May 292015
 

Having now acclimatised in terms of time-zone and language to the Canadian culture, today is the start of the OGS Conference and I can half pass myself off as a native. OK, so not really…. but I have retaught myself a few of the key terms which are different from UK speak, so I don’t sound quite so ‘different’ from the locals. My morning kicked off early with my workshop on surname studies. You never know the level of expertise and interest when you present a workshop and so, it’s a little like flying off into an unknown land. This morning’s group had some really fascinating surnames and also stories about their names with many hints and tips passed on, even to experienced surname studier and fellow conference attendee, Dr Maurice Gleeson.

My previous visits to Canada have clearly been memorable to others as well as myself, with many people remarking on seeing me present in 2014. This weekend sure seems to be a busy one for me with seven presentations of various sorts from Fast Tracks to lectures, workshops and the keynote conference opening speech this evening. All written (of course) and I took the opportunity last night to check with the Conference Chair that my keynote presentation was what she was hoping for…. Thank heaven it was, otherwise this 24 hour period would have been a little hectic!

OLYMPUS DIGITAL CAMERAI have met with so many new genea-mates and reconnected with previous contacts already – the weekend has barely even started. The geneaworld is such a friendly one.

The auditorium and stage look empty right now but the room looks vast, so I am hoping that all runs smoothly for ‘If I Could Turn Back Time‘ this evening! I won’t be doing a Cher number on the attire and I sure as heck am not going to be singing or dancing. With the theme of ‘Tracks Through Time’, we will quite literally be tracking through time in my own family history…. with some stories that attendees can relate to and linking many of the different tracks of lectures planned for the weekend.

So, wish me luck folks…. report and photographs to follow later I am sure, though not in the usual Kirsty attire, sadly.

May 282015
 

Unless you have completely missed my blog posts this week, you will probably have realised by now that I (MD@FWL) am far from the office and have left the team to get on without me. Today is my final day in Toronto before heading to the OGS Conference in Barrie where I will be headlining no less! Eek….! It’s amazing how what starts off being ‘just a couple of lectures and a workshop’, turns into a whole heap of lectures, two ‘Fast Tracks’ (20 minute lectures to promote societies) and three ‘Ask The Expert‘ sessions – who came up with that mad hat idea?!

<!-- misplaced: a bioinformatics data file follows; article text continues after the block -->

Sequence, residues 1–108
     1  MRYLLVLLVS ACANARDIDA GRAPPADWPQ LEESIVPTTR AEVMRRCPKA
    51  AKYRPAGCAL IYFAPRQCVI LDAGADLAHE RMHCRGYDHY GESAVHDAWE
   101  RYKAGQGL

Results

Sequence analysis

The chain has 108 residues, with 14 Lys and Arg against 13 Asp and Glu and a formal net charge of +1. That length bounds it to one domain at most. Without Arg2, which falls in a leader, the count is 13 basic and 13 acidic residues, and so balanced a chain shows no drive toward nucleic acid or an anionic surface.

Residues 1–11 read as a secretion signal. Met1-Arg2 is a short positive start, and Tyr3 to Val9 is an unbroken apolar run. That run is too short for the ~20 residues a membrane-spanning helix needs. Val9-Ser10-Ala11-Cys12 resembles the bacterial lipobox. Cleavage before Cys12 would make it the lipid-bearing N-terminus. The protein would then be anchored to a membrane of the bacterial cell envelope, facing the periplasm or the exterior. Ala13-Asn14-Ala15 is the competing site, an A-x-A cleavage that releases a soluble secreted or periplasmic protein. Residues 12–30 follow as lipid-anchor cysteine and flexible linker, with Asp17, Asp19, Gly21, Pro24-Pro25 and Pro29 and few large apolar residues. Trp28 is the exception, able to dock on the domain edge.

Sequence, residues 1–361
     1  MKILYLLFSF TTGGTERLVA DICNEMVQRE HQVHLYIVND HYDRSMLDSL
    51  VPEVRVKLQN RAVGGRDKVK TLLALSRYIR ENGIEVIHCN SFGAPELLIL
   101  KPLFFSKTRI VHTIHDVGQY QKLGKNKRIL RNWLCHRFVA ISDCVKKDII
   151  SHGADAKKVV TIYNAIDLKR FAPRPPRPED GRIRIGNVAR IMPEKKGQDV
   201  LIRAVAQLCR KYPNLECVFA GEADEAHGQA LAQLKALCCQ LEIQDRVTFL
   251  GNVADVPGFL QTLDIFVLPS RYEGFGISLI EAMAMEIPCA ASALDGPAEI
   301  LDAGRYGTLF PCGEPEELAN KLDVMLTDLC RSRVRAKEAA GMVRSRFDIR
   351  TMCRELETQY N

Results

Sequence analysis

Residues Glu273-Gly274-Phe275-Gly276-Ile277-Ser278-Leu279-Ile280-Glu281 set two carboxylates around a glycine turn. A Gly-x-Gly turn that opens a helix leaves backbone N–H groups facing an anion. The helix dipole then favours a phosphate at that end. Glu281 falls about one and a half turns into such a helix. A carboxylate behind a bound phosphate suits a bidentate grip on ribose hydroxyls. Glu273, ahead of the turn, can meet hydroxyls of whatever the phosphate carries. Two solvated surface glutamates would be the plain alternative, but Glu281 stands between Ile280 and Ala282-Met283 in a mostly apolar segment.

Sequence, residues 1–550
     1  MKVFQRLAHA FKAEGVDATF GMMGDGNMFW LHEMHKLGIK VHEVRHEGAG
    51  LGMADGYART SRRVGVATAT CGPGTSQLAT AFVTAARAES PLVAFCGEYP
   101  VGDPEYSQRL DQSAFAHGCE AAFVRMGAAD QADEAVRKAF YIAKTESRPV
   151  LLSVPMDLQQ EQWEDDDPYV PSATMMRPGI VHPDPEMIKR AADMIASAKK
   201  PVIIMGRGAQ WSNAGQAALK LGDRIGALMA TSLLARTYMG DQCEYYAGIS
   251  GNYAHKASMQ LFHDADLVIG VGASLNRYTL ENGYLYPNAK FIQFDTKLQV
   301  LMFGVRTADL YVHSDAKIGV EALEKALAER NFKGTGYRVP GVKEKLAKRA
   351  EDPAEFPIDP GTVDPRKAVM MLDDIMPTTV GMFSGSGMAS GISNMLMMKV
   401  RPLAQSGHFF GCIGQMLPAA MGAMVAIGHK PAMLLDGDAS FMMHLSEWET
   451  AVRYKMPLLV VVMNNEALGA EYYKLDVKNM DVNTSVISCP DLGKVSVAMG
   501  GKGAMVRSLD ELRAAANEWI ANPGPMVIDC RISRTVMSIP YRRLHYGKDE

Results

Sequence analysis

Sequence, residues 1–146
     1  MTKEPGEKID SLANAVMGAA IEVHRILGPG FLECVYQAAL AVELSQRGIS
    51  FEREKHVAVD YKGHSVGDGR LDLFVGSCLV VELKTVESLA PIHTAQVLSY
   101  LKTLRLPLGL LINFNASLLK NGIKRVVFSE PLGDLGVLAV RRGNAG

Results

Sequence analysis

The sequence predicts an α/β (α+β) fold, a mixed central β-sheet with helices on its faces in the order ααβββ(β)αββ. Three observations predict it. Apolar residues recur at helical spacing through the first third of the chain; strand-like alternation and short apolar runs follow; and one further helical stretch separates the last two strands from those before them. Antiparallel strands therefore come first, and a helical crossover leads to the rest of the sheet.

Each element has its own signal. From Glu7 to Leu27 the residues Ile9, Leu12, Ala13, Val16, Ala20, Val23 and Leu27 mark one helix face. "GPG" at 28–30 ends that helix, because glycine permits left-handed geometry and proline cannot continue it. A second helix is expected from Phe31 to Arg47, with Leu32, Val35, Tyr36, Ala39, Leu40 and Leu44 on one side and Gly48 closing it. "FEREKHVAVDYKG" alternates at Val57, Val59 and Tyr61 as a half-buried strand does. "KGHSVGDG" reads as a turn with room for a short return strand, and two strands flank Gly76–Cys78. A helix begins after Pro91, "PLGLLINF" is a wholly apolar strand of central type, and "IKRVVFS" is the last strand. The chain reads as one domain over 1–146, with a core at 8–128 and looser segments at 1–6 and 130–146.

TracksThroughTimeSocial media is whirling up a storm with lots of genies looking forward to ‘feeling at home’, talking about our obsession in family history with fellow attendees ALL WEEKEND! I wonder though, what is the collective noun for a gathering of genealogists?

A bunch? Sounds more like something to do with fruit – a bunch of coconuts or bananas or similar! A herd is more suited to animals as is a nest…. none of these quite befit a group of genealogists. A bevy of genealogists perhaps (like swans), a family of genealogists (like otters), or a rabble of genealogists (like butterflies)? A good discussion point for the weekend ahead I feel!

No more sitting in archives with dusty old documents, no more online meetings, emails etc. this weekend – we are properly meeting up! All nearly 500 registrants, speakers and market place vendors from around the world! Oooeee – exciting! Blog scheduling might be slightly off-kilter as a result though – you have been warned!

Some of the lectures are being streamed out from the conference via Live Stream so take a look and see if there are any you would like to watch, even if you are not in Barrie this weekend! Enjoy a fun-packed genealogical weekend, folks!

May 272015
 

And today, I remain in Toronto though changing residency in a short while. A few final tweaks to the OGS presentations and they’ll be ready to deliver in less than 48 hours time! It seems so long in the planning, I cannot quite believe that it’s nearly here – or should that be that I am nearly there, here…. who knows?!

OLYMPUS DIGITAL CAMERAYesterday, I found out a few historical facts I never knew on my merry boat tour around Toronto Harbour. Did you know that Toronto hasn’t always been called Toronto? Well, if you are Canadian, I am guessing you probably did. But fellow non-Canadians, was I the only one not to know this before yesterday?

The name Toronto started with the Mohawk word Tkaronto, meaning “where there are trees standing in the water” and was used to describe The Narrows near today’s Orillia. By the 1720s, a French fort called Fort Toronto stood where the present city is located. According to Wikipedia, “John Graves Simcoe identified the area as a strategic location to base a new capital for Upper Canada, believing Newark to be susceptible to American invasion. A garrison was established at Garrison Creek, on the western entrance to the docks of Toronto Harbour, in 1793; this later became Fort York. The settlement it defended was renamed York on 26 August 1793, as Simcoe favoured English names over those of First Nations languages, in honour of Prince Frederick, Duke of York. Residents petitioned to change the name back to Toronto, and in 1834 the city was incorporated with its original name.”